8. Look out for your eyes: Getting plenty of omega-3s in food or supplements may help ward off age-related macular degeneration. Plant antioxidants such as lutein and zeaxanthin (found in leafy green vegetables like kale and collards) are helpful, too. People who have drusen — tiny deposits within the retina that can be early signs of macular degeneration — can reduce their risk of blindness in both eyes by 25% if they take supplements: 500 mg. of vitamin C, 400 IU of vitamin E, 80 mg. of zinc, 15 mg of beta-carotene, and 2 mg. of copper.

9. Do a good deed: Pick up trash in the park or shop for a neighbor who needs help, says William Brown, Ph.D., a lecturer of psychology at Brunel University, West London. He studied people in Brooklyn and found that those who had a denser social network and gave more to their friends and family than they received—whether the gift was in the form of money, food, advice, or time—reported feeling healthier than others, even when he factored in activity levels. Another study looked at 423 elderly married couples; after 5 years, the pairs who were more altruistic were only half as likely to have died.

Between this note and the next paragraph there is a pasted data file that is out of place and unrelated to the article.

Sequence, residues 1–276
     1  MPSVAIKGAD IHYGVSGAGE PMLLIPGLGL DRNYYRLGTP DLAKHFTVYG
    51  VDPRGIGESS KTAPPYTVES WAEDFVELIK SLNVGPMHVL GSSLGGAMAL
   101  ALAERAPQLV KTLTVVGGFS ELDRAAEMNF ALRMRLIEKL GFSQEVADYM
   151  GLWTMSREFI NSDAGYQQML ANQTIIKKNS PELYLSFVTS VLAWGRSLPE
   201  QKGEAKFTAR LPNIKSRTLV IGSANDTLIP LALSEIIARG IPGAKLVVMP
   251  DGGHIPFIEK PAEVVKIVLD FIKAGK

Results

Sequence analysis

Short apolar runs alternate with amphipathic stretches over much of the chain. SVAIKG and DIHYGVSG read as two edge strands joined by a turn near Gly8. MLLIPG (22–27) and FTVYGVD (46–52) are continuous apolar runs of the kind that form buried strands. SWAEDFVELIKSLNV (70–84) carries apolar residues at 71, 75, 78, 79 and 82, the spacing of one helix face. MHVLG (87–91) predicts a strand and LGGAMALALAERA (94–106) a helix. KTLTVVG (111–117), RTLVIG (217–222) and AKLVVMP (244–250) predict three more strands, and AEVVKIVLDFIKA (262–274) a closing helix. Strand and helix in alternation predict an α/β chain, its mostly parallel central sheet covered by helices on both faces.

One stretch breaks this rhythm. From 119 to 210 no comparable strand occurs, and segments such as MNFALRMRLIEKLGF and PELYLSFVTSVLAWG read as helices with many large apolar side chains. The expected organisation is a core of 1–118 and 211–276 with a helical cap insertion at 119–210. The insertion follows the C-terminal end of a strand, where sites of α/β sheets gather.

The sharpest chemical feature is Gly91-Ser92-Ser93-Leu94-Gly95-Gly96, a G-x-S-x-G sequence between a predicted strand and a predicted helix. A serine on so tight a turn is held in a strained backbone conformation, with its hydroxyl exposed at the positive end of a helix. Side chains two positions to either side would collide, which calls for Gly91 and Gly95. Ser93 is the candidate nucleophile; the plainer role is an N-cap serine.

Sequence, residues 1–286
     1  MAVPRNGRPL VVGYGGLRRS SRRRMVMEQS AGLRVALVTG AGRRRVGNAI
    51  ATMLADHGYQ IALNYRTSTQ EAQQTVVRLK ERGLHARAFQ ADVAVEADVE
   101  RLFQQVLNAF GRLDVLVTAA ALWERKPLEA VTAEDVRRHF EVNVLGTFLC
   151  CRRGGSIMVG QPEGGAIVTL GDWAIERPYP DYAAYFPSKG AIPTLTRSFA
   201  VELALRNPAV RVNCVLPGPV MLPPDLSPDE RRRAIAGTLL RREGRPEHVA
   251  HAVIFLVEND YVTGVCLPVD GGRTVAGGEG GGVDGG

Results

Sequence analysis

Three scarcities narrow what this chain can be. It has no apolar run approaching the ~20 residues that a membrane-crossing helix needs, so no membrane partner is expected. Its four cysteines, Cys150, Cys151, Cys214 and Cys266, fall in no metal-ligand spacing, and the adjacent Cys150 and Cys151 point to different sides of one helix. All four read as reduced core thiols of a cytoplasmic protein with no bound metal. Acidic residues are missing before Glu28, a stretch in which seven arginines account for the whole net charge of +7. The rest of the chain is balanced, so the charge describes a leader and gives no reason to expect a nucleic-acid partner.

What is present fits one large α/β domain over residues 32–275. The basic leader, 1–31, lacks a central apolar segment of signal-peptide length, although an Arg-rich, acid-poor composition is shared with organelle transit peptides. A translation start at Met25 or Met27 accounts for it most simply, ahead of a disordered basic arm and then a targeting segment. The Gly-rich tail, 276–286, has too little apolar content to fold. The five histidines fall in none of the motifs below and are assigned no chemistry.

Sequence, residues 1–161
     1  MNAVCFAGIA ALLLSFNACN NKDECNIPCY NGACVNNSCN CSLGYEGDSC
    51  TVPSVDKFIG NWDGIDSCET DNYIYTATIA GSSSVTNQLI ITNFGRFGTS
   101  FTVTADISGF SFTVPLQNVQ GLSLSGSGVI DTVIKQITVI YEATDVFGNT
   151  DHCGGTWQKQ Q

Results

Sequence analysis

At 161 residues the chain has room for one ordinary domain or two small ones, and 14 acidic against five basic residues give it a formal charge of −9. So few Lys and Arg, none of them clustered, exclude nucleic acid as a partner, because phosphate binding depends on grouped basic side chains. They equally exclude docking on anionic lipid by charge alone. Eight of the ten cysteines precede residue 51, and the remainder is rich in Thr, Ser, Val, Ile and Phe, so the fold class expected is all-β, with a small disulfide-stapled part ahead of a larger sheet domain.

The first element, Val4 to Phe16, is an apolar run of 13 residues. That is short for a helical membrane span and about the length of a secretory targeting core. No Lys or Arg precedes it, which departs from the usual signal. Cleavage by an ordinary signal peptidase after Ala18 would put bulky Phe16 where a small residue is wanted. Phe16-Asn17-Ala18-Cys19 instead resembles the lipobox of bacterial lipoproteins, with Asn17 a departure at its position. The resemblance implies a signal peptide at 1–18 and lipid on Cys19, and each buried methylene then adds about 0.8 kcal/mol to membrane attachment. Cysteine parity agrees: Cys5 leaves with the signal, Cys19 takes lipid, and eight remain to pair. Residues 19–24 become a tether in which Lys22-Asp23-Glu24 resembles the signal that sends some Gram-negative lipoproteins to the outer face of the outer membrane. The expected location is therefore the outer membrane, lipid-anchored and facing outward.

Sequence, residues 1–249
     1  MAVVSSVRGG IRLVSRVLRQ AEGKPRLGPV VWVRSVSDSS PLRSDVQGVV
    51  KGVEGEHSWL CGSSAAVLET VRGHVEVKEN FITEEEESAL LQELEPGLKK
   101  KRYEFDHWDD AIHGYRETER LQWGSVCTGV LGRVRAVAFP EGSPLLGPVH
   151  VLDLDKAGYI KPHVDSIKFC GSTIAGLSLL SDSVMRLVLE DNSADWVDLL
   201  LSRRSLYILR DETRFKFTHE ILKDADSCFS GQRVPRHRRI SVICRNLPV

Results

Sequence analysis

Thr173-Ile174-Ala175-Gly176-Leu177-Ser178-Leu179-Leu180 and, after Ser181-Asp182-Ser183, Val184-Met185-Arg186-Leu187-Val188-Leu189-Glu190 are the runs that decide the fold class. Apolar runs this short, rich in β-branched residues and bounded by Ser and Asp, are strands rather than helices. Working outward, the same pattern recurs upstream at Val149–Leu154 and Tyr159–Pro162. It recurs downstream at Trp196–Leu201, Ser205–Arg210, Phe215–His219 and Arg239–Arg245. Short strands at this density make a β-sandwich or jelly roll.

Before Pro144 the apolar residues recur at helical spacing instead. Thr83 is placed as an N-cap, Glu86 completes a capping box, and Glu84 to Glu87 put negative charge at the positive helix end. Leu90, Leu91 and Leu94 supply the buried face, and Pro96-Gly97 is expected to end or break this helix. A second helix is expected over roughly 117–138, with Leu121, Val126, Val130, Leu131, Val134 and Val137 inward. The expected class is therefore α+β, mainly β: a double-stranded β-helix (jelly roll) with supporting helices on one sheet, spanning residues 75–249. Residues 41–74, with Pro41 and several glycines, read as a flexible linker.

10. Sup from the sea: Don't just slap anything with fins onto your plate: You want fatty fish, such as salmon, sardines, and lake trout. They contain the omega-3 fatty acids DHA and EPA, which many studies show help prevent sudden death from heart attack. Omega-3s may also help ward off depression, Alzheimer's disease, and age-related macular degeneration, a leading cause of blindness—and maybe some cancers, although evidence is mixed. To get more of the benefits of good fats, snack on an ounce (a handful) of walnuts a day. Use less corn oil, and more canola and olive oils.

11. Belt out a tune: Exposing yourself to music might help boost your immune system: In a study done by Robert Beck, Ph.D., a professor emeritus at the University of California, Irvine, levels of an infection-fighting antibody called IgA increased 240% in the saliva of choral members performing Beethoven's "Missa Solemnis."

12. Drink a cuppa: Intrigued by studies (of mice, cells in lab dishes, and people) that say tea may fight prostate and breast cancer and heart disease, researcher Anna Wu, Ph.D., a professor of preventive medicine at the University of Southern California, downs at least 3 cups daily. Green is best, although black tea confers some benefits, too..